Here’s what Paul prays that the Father of glory will give to the Christians in Ephesus:

“a spirit of wisdom” - Our NASV uses a lowercase “s” on spirit; you know that the original language did not have capital letters and lowercase letters. The earliest manuscripts actually only had capital letters. My point is that we are not quite sure if Paul means a generic “spirit of wisdom” here or if he means wisdom that comes from the Holy Spirit. Paul has just mentioned the “Holy Spirit of promise” in verse 13 whom God gave to Christians as a “pledge of our inheritance,” once Christians have heard the gospel and obediently believed it.

It is likely here that Paul also means the “Holy Spirit” who gives us God’s wisdom from heaven in the inspired words of the apostles and prophets. The next phrase will mention “revelation in the knowledge of Him.” Let’s read together 3:3-6.

“and of revelation in the knowledge of Him” - It is through the revelation of God’s knowledge and wisdom that we can obey Jesus Christ and have redemption through His blood, the forgiveness of our sins (1:7-8). This knowledge that we have from God, through His Spirit, does not come just one time. Paul’s desire here is that the Ephesian Christians will continue to grow and desire to know more about God. Let’s read together 4:15-16.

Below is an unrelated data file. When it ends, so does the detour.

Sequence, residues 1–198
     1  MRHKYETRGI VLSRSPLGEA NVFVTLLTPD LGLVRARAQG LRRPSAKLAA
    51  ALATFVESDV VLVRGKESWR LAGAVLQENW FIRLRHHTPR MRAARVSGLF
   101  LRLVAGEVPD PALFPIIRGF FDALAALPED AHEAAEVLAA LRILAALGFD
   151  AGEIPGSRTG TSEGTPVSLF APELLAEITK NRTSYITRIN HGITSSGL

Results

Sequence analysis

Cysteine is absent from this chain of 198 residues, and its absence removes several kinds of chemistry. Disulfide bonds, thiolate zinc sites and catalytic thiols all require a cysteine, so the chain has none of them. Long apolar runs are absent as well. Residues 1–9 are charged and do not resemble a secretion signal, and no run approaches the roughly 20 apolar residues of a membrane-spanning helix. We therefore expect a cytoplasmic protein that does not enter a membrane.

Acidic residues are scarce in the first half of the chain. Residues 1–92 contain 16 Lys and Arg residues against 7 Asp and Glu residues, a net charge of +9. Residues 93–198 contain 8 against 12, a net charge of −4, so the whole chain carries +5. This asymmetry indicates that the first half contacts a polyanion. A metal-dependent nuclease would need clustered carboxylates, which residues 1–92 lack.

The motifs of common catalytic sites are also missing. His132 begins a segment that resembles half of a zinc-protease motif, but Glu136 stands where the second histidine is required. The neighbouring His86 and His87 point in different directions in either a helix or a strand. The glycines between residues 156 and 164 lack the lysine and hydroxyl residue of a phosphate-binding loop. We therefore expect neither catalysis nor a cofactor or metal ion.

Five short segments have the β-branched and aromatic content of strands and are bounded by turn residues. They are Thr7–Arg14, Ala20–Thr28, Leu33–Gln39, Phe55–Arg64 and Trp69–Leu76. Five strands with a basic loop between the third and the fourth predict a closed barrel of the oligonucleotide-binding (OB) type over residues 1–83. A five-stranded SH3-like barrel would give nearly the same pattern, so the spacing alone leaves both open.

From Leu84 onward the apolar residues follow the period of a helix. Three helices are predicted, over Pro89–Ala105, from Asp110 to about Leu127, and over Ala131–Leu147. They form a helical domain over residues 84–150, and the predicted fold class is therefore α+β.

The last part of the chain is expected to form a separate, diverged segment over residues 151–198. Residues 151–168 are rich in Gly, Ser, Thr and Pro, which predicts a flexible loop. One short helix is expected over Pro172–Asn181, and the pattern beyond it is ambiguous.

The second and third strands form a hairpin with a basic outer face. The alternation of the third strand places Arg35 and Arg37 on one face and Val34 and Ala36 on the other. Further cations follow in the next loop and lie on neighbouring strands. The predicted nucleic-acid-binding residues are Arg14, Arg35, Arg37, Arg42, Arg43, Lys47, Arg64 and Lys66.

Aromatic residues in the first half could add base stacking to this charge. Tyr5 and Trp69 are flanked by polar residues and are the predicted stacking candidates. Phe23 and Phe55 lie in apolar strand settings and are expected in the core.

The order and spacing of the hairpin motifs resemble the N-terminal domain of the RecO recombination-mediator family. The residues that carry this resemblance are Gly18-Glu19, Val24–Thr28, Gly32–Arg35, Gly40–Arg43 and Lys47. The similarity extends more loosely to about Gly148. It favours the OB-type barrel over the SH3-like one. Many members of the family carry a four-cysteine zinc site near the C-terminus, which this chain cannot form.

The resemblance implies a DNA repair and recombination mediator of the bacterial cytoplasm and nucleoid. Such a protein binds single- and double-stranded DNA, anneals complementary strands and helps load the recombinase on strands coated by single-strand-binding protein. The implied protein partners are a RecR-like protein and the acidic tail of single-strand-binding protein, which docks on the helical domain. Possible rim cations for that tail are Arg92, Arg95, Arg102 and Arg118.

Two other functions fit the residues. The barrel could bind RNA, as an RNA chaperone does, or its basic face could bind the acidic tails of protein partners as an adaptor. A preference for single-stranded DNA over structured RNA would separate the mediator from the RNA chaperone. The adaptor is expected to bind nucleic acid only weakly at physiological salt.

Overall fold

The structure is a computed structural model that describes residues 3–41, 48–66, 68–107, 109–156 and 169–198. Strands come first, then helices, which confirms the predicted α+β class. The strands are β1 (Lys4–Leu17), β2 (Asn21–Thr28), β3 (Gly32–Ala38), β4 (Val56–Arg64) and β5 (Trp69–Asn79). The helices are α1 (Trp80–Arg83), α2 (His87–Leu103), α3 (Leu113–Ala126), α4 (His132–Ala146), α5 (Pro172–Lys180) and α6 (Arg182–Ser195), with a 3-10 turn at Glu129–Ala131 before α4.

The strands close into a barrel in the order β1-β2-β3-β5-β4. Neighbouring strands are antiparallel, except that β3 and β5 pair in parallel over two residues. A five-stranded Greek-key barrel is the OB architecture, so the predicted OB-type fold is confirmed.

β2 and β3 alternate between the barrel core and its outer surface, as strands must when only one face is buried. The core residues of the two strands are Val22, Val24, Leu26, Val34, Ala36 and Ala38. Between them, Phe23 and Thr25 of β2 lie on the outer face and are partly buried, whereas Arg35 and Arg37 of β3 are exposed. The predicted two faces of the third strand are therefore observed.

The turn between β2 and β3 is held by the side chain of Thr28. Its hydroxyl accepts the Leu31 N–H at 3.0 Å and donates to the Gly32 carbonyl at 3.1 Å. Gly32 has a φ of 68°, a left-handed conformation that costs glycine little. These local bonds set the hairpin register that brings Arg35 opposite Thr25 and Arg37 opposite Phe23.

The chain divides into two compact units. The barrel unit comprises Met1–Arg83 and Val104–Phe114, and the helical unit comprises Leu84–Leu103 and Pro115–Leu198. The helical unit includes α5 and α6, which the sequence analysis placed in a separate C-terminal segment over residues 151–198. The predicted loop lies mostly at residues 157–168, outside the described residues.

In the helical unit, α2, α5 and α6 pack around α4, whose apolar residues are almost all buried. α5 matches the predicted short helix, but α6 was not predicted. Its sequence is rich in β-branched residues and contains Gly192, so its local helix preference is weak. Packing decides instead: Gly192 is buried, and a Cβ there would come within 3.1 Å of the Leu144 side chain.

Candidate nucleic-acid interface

Paul continues the substance of his prayer in verse 18: “[that] the eyes of your heart may be enlightened (perf. pert.),” The “Renaissance” in Italy, that began in Italy, was an “awakening,” a “new birth” to knowledge which gave birth to humanism - the idea that man can direct his own path, that he does not have to follow the path the church (The Catholic Church) laid out before him. Here, Paul says that true “enlightenment,” or the “new birth” comes through the Holy Spirit and knowledge of Christ that the Spirit gives us.

The tense of the verb “enlightened” tells us that this enlightenment happened at a specific time in our growth of knowledge. It occurs, of course, when it finally dawns in our minds and hearts that Jesus really is the Son of God and that we ought to put our souls into His hands. At one time, Paul tells them, they walked in darkness; but through the knowledge of Christ, brought by the Holy Spirit, they can walk in the light. Let’s read 4:17-20.